How to Attract Indigo Buntings to Your Backyard

With careful landscape planning and a reliable supply of favorite seeds in your bird feeder, you can attract indigo buntings to spend a summer or a winter in your backyard and enjoy their brilliant beauty for weeks on end.

Bird watchers up and down the Atlantic coast of the United States up into Canada look for the bright blue flash of the male indigo bunting in the summer.

Indigo Buntings

Homeowners in Florida can give them a winter home, although the feathers of the male don’t take on their brilliant blue hue until spring.

If you live in Texas, you can use the same methods used to attract indigo buntings to backyards to bring the green, red, and blue painted bunting to your landscape, as it returns from spending the winter in Central America and Mexico.

When Can You Expect Indigo Buntings in Your Backyard?

Indigo buntings look for open woods with trees that lose their leaves in the fall, second-growth woodland, and farms.

You are most likely to attract them if your home is next to a field of grain or a forest that has been replanted after being burned or cut down.

Breeding range for indigo buntings extends from southern Ontario to Maine, and south to the Panhandle of Florida and East Texas.

In North America, the only place you are likely to see them in the winter is South Florida.

They spend their winters in the West Indies and Central and South America. Indigo buntings occasionally roam far off their usual flight paths.

They have been sighted in Ecuador, Iceland, Denmark, Serbia, and the United Kingdom.

Indigo buntings navigate by the stars in April and September. They fly across as much as 900 miles (1440 km) of open water without stopping.

To do this, they have to store about 1/3 of an ounce (9 grams) of body fat, accumulated by eating lots of insects before they take off.

The indigo bunting that appears in your backyard could be arriving famished after a very long flight.

How to Attract Indigo Buntings with Food

Indigo buntings forage for seeds that have fallen to the ground. 

Even when birding enthusiasts stock their feeders with all the seeds these birds are known to love, they may prefer to eat the seeds that have fallen to the ground from the feeder than a much more abundant supply of seed in the feeder itself.

The reason it can be hard to attract indigo buntings with food alone is that they prefer edible cover.

Buntings build their nests in tall grasses and low scrub bushes that provide both protection from overhead grasses and a ready supply of insects and seeds.

The female indigo bunting lacks the showy blue feathers of the male but has the ability to blend in with the dry, mature grasses around her nest.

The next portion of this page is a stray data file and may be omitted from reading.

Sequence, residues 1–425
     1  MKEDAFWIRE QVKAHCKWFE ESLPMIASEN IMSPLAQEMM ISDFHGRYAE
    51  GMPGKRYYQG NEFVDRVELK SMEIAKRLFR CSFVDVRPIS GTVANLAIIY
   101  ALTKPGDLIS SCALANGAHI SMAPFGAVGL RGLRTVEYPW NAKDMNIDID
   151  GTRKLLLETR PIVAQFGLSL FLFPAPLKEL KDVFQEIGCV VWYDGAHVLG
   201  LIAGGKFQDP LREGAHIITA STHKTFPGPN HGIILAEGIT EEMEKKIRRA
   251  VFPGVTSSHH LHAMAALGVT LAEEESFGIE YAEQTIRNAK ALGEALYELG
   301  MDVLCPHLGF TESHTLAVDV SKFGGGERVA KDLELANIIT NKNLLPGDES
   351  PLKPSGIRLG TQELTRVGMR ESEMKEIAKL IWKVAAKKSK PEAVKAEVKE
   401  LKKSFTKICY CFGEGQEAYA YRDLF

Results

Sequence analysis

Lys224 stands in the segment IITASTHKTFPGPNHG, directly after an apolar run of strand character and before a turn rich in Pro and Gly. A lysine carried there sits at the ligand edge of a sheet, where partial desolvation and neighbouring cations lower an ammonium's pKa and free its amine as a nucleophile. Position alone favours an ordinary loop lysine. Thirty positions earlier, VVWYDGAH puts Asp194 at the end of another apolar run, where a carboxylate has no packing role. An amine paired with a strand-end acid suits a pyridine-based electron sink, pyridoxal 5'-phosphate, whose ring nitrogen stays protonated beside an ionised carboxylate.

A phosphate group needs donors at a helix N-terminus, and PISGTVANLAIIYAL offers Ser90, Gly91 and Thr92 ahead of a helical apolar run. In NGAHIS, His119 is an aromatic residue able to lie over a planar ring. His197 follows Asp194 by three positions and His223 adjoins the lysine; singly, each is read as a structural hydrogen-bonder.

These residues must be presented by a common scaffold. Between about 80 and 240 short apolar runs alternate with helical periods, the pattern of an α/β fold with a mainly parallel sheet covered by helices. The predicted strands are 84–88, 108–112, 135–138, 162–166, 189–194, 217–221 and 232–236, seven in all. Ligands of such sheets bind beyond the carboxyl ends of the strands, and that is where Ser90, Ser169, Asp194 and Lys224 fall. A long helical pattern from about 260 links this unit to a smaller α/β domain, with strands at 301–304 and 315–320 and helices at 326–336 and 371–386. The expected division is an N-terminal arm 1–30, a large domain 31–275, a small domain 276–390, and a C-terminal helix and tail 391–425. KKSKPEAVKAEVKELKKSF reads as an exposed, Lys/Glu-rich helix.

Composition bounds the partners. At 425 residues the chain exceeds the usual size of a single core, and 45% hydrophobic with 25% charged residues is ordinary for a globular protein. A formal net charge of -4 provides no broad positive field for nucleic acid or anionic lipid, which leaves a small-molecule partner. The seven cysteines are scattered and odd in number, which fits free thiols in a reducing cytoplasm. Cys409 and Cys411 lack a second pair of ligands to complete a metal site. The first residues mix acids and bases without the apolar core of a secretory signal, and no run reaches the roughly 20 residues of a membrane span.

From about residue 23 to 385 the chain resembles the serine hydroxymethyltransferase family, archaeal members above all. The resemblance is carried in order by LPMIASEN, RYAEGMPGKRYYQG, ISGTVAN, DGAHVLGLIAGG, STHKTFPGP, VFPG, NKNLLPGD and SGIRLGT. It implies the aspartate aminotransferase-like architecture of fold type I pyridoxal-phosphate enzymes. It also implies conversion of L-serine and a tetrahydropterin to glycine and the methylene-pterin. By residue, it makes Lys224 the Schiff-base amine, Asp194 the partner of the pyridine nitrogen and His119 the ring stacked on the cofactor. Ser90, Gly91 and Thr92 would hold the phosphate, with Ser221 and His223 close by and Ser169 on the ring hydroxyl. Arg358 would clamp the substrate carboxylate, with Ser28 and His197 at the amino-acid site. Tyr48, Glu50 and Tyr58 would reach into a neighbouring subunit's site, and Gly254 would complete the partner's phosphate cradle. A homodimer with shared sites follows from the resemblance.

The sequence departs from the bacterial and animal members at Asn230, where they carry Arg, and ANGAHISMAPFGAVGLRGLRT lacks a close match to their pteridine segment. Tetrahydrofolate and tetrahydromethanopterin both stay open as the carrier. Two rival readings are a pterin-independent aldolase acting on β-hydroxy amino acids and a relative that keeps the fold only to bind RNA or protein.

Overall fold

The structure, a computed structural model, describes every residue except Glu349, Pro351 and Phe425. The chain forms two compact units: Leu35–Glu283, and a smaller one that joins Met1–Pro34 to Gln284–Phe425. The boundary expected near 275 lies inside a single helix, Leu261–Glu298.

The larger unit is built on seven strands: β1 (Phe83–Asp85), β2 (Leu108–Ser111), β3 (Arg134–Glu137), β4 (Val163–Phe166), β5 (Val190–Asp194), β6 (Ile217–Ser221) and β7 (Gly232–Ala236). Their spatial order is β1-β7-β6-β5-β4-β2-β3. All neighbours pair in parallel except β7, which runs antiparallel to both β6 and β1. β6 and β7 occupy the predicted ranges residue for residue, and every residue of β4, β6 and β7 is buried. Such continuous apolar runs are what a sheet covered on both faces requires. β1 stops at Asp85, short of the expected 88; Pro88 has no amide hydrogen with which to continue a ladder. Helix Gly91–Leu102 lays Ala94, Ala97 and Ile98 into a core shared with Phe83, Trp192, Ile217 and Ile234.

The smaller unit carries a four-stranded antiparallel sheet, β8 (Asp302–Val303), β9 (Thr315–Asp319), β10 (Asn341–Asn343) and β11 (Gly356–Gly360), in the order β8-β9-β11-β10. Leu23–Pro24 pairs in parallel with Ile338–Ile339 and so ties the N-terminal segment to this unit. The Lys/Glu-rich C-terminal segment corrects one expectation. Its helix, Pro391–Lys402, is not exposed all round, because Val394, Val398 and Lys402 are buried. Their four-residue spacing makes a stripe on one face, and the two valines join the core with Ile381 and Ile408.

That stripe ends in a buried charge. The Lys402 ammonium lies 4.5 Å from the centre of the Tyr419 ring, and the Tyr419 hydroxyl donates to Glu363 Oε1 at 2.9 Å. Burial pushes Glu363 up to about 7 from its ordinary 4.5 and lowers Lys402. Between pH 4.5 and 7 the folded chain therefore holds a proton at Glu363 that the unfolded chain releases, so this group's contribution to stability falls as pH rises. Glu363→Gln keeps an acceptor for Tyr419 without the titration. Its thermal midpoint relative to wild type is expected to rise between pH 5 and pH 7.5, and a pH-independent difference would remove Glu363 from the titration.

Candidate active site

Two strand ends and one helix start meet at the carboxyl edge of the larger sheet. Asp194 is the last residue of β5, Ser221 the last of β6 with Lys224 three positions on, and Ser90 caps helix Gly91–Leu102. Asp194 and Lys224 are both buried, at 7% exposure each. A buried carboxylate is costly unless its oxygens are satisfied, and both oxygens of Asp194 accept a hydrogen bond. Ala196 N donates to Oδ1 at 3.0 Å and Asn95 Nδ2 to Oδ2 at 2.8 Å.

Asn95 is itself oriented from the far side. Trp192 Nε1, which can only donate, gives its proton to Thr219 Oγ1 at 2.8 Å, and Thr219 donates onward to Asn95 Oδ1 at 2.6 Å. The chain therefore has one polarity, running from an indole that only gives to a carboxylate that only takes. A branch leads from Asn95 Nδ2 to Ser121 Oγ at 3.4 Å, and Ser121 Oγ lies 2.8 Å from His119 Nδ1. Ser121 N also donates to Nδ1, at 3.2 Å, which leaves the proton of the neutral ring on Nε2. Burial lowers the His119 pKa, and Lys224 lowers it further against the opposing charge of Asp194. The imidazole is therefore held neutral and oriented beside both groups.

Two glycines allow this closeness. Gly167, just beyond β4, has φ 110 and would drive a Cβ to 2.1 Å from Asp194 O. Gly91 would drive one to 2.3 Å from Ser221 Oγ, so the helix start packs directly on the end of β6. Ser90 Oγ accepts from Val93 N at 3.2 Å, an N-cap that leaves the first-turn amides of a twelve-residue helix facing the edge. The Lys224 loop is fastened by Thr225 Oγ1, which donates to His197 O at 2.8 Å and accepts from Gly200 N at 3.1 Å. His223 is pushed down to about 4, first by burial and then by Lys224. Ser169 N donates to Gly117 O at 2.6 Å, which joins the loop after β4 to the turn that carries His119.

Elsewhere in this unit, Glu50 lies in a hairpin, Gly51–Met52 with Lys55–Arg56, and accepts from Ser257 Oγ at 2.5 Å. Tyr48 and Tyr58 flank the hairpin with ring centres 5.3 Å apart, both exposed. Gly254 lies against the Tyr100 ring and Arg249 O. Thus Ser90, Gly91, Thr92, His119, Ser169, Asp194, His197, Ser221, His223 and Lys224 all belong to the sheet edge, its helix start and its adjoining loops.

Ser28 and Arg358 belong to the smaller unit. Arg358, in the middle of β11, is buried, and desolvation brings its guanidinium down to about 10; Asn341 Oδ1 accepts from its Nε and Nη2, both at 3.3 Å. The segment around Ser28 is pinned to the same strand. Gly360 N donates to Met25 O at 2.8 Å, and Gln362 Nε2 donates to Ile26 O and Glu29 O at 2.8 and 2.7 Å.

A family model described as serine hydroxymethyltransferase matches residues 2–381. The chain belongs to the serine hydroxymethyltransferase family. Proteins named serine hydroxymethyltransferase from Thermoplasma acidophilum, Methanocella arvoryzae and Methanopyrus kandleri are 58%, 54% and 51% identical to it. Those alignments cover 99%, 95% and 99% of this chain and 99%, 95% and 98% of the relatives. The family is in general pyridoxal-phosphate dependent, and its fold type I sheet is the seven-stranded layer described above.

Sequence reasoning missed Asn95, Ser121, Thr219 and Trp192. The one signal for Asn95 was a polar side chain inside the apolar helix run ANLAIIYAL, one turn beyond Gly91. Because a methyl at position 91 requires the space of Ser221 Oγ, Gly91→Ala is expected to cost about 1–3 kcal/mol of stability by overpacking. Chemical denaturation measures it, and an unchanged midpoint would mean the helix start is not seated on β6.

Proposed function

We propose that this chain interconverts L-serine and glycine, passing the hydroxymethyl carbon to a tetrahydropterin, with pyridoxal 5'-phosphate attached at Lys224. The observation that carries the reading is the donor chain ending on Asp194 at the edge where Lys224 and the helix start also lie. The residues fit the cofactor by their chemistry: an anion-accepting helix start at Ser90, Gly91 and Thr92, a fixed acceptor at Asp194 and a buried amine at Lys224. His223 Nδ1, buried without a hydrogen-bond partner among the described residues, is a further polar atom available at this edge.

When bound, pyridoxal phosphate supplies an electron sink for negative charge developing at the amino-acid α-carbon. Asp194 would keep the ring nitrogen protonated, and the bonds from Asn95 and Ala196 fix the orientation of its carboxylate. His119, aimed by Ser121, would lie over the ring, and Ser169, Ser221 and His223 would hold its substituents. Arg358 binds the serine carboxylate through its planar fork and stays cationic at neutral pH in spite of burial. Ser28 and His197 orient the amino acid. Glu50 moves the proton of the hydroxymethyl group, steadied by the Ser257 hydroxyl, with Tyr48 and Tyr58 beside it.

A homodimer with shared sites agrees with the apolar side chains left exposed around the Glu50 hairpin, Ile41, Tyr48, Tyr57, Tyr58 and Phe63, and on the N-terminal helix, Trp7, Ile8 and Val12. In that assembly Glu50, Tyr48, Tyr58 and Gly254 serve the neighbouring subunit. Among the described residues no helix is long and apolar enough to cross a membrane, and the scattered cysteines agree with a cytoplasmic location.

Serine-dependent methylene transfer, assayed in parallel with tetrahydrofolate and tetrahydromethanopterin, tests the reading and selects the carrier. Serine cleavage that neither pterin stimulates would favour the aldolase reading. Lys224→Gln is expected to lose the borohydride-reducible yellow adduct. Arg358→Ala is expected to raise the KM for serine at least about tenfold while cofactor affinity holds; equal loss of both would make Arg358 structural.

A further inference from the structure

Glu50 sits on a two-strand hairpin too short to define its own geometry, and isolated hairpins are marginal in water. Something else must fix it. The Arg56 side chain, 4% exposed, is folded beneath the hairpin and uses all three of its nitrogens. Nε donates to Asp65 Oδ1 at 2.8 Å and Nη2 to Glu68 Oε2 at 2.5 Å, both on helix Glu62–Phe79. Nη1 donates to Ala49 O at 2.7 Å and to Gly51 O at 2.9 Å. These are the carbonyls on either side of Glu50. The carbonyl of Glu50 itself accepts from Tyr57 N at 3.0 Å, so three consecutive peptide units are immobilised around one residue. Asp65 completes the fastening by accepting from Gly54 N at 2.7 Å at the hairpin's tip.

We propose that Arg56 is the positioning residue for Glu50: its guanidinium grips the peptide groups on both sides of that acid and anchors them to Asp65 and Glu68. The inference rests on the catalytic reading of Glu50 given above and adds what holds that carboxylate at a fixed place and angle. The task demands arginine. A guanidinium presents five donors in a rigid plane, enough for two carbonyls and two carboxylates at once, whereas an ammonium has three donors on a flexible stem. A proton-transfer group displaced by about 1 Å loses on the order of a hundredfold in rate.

Indigo buntings will venture up into the trees to pick insects off leaves, but they spend most of their time foraging on the ground.

During the summer, indigo buntings forage singly for insects, including aphids, beetles, caterpillars, cicadas, and grasshoppers.

They will also eat buds, berries, and seeds.

During the winter, indigo buntings switch to a mostly-plant foods diet of berries and seeds with an occasional insect.

They love to dine on blackberries, elderberries, serviceberries, and strawberries. If you are hosting indigo buntings over the winter in Florida, be forewarned that they will want their share of your strawberry patch.

In the winter, indigo buntings like to feed together in flocks, so they will strip a berry patch clean if you don’t protect it with bird netting.

If you want to entice indigo buntings with seed from your feeder, you need to place it somewhere they feel secure.

Put out seed on a platform feeder in a patch of grass you have not mowed or on a low-hanging bird feeder hung on a branch over scrubby shrubs or berry bushes.

Make sure that it’s a location that won’t be visited by your cat or by carnivorous wildlife, like raccoons, skunks, and opossums.

Indigo buntings also are shy about feeding in front of larger birds. Install a caged tube feeder to protect them from larger, hungry birds.

Fill it with whole sunflower kernels, out of the shell, or Nyjer seed. Or sprinkle a few mealworms onto a platform feeder.

You will need to take special precautions if you have cowbirds. We’ll discuss those precautions in the next section.

Providing Blue Indigos with Safe Nesting Spaces

In the wild, blue indigos build their nests in dense shrubs or low trees. They may build their nests just one to three feet (30 cm to a meter) above the ground.

A few blue indigos will build nests as high as 30 feet (10 meters) in a tree.

The female builds the nest and cares for the eggs alone.

The nest is constructed from coarse grass, leaves, stems, and peeling of bark or fruit rinds, and lined with soft grass or animal hair. The female binds her nest together with spider webs.

Each clutch consists of one to four eggs, The eggs are usually white, but may have brown spots.

Cowbirds like to lay their eggs in blue indigo nests. The female blue indigo will raise the baby cowbird as her own, reducing the amount of food for her own young.

The first thing you need to do to protect blue indigo nesting sites is to keep the cowbirds away. There are two things you can do;

  • Don’t feed the cowbirds. Cowbirds like millet, sunflower seeds, and cracked corn, so put out suet, nectar, whole peanuts (unsalted), suet, mealworms, and safflower seeds.
  • Use feeders that have short perches, smaller ports, and no catch basin at the bottom. These feeders will be large enough for indigo buntings but too small for cowbirds.

It also helps to provide your buntings with a cow bird-proof birdhouse.

The secret to success in birdhouses for indigo buntings is making sure it is small enough. It should have a floor of 5 inches x 5 inches (12.5 cm x 12.5 cm) and be no more than 8 inches (20 cm) tall.

There needs to be a round portal hole about 6 inches higher than the floor of the birdhouse, The portal should be 1 ¾ -2 ¾ inches (44 to 70 mm) diameter.